Tuesday, September 21, 2010

Starting a New Trend?

     I saw something interesting when I was perusing the Jacob.ca website the other night (you may click to enlarge):

     I'm not one to complain about how magazines airbrush models and celebrities. I already know that it is unachievable "perfection" that they are showing on those magazine covers. I am also not one of those women who complain that designers don't use "real" women in their shows or ads. Heck, I like thin models because I *am* thin! I like to see how clothes would fit on a thin frame, though I can see the opposite side; I probably would have a different view of the matter if I had a different body shape. But having seen this blurb on the Jacob website, I think what they are doing is a wonderful idea. Even myself, being in my 30s, though I am much more comfortable with my body than I was in during my younger years, I admit that I am still sometimes influenced by those heavily touched up photos by aspiring to be the the perfectly toned model on the right. But let's be honest, most women don't look like that, even models (OK, Gisele Bundchen doesn't count). Number one, we should all aspire to be strong and healthy on the inside. It is OK to have physical goals (mine: flat abs! LOL), as long as they are realistic and attainable--we need to recognize that we can't fight genetics. Even if we are all perfectly healthy and strong in the inside, does that necessarily mean we will look like Gisele? No. Because we are all different (and she is a freak of nature). But we are all still beautiful despite not having the body of a supermodel. I applaud Jacob for taking the steps to help change the public mindset and promote the idea that we should not only be accepting, but proud of the body we were born with, and we shouldn't feel bad about not being spitting images of what is in the fashion magazines because what we see isn't real. We all need to be reminded of that every so often.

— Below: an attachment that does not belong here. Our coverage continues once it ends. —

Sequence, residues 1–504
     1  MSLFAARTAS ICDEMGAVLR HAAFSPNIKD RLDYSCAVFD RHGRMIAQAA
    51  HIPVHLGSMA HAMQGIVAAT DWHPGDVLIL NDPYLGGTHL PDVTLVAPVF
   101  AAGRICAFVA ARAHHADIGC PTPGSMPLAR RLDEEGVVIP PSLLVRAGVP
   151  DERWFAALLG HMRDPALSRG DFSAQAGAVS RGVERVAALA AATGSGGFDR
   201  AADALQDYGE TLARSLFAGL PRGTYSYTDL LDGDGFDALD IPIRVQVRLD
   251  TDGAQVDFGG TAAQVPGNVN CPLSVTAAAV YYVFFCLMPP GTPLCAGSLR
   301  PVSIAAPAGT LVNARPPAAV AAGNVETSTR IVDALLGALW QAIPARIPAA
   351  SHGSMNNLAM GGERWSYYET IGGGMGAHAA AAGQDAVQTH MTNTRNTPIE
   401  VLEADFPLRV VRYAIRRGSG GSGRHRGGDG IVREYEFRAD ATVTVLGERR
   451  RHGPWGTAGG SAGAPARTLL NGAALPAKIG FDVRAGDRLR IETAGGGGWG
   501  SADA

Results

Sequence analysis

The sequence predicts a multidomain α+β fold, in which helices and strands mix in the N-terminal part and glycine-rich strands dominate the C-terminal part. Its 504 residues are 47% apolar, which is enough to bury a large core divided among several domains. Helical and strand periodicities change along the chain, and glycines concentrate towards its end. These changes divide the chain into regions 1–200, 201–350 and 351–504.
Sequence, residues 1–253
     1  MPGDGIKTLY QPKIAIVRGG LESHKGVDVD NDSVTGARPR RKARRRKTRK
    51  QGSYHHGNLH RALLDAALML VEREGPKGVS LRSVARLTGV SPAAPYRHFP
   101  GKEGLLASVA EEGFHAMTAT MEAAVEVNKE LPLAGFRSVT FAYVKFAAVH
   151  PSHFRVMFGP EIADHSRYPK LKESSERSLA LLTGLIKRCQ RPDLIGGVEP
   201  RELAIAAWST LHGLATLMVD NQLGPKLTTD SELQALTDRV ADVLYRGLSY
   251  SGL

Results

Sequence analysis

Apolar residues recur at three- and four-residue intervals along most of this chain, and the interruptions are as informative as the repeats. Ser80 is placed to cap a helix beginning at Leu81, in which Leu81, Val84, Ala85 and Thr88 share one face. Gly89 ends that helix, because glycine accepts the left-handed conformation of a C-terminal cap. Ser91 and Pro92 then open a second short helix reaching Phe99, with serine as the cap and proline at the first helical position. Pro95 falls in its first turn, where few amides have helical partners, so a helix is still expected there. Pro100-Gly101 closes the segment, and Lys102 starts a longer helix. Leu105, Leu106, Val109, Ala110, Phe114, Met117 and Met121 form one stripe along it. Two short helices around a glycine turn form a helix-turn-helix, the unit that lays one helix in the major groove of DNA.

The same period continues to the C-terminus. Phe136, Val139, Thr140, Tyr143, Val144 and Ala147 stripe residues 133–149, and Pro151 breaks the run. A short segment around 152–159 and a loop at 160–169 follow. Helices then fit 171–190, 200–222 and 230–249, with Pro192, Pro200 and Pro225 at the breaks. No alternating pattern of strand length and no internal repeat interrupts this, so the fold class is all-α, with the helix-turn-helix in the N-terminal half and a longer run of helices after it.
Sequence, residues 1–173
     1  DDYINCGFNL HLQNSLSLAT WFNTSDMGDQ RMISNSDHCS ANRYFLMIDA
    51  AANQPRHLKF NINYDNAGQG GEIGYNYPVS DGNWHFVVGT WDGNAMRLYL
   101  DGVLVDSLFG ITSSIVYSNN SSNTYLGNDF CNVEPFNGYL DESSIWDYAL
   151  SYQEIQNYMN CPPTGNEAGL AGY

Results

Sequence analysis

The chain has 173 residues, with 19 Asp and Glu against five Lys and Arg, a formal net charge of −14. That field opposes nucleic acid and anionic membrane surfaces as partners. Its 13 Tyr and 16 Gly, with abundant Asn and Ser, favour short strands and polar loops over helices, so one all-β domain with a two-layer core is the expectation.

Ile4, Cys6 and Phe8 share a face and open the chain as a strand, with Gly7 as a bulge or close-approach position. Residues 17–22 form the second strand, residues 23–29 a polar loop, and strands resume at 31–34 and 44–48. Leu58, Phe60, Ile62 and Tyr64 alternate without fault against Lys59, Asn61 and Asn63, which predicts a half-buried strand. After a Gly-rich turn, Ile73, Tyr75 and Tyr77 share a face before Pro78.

Please remember: You *are* perfection!

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5 comments:

Sara said...

This is great of them! I agree with your sentiment that you want to see women who are thin like you, but I think what gets taken too far is how they'll adjust things such as the shape of a knee to be more "slim" or "smooth" and that kind of obsession over the details is what drives a lot of young girls into deep issues with their bodies. I love that in the example the showed, the untouched image clearly shows that the model has somewhat knobby knees, her hips don't gently widen from her waist in some strangely perfect manner, and her collarbone sticks out sort of awkwardly. Those little details about people's bodies that make us unique should be embraced and not FIXED like they constantly do, because then we all get these complexes that our hips aren't right or our knees could be better or god knows what, and THAT is beyond ridiculous. Thanks for posting!! :)

Callandra said...

Interesting, I'll defintely check out their website!

Cee said...

Great post! Although I have to say Jacob's retouching isn't bad at all. Have you heard/seen the controversy over Ralph Lauren's ads? I remember at least two instances where the model in the Photoshopped version look completely unrealistic, ie super-narrow waist that nobody has.

Cee said...

Great post! Although I have to say Jacob's retouching isn't bad at all. Have you heard/seen the controversy over Ralph Lauren's ads? I remember at least two instances where the model in the Photoshopped version look completely unrealistic, ie super-narrow waist that nobody has.

Sara said...

This is great of them! I agree with your sentiment that you want to see women who are thin like you, but I think what gets taken too far is how they'll adjust things such as the shape of a knee to be more "slim" or "smooth" and that kind of obsession over the details is what drives a lot of young girls into deep issues with their bodies. I love that in the example the showed, the untouched image clearly shows that the model has somewhat knobby knees, her hips don't gently widen from her waist in some strangely perfect manner, and her collarbone sticks out sort of awkwardly. Those little details about people's bodies that make us unique should be embraced and not FIXED like they constantly do, because then we all get these complexes that our hips aren't right or our knees could be better or god knows what, and THAT is beyond ridiculous. Thanks for posting!! :)

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